The lockdown is also specifically about a period of business inactivity. Ever thought about it in that way? A period where one can’t say ‘for whatever reasons’ but rather for an obvious reason there’s been an absolute shutdown of all kinds of trade and employment activity.

Industries are shut down. There’s no manufacturing and the theory applies to all possible sectors. It’s funny that this sounds like that typical line you are likely to run into in a business journal: an industry-agnostic approach. There’s no trade or exchange between countries. Continents, in full-blown capacity are refraining obviously from entering into any kind of trade activity.

But surely, if you are in the healthcare sector, then things appear different and appear to glow. We saw how various makers or manufacturers of face masks and sanitizers benefitted by the upscale of production. Well, it was needed, after all- wasn’t it? There are certain things that are quite simply dictated by time or as how one might put it- how ‘luck wants to have it!’

But there’s not been anything great where the other sectors or industries are concerned. Stagnation and loss are the two commonly heard phrases at the moment.

You don’t need to know how. It’s just how things are at the moment.

Yet, if you still desired to know how dramatic things are at the moment with the world finding itself standing pretty much on a ‘one-way street’ – all major businesses being suspended indefinitely, the only expression that stands true for various sectors is- loss!

That’s what it is. And when you look at sectors or industries that are otherwise always thriving, you tend to understand the gravity of the situation.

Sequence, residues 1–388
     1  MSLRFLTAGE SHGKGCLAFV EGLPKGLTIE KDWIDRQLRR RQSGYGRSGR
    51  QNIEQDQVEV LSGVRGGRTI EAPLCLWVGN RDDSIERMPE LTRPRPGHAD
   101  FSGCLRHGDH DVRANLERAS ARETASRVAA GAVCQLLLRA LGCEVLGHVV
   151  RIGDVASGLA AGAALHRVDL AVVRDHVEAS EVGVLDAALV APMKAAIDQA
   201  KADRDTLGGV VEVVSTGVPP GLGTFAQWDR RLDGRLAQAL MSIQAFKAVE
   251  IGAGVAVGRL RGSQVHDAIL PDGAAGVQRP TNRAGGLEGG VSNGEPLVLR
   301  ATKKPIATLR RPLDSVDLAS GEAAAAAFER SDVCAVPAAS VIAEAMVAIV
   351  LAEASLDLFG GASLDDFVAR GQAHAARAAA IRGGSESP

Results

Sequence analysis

For instance, Uber in India doesn’t seem to have any plans of expansion whatsoever.

In fact, nothing could be further from even imagining that there could be anything thriving and usual about the usually bustling company.

On the contrary, Uber in India has actually announced a sort of plan that may not actually offer anything positive to those who are employed by it at the moment. Wondering what could be worse about the otherwise uninspiring ‘work from home’?

Well, that’s when you get to know that in the imminent future you may not even be doing that. Turns out that Uber in India has decided to cut down as many as 500 jobs. These are active jobs, at the end of the day.

In fact, where Uber in India is concerned, then the actual toll of job losses may even be on the north-side of 500.

Imagine, a situation where one company decides to let go off 500 to 700 employees? That’s something that doesn’t sound alright, right?

“The company is set to lay off up to 700 people in India. The decision has been almost final and likely to be announced when lockdown will get lifted,” said one of the sources requesting anonymity. “With this, Uber would be laying off about 25-30% of its overall workforce in India.”

The press release that detailed more revelations on the development apparently said that. One can only wonder what might happen to those who have to find newfound employment elsewhere? Ultimately, what is to become of them?

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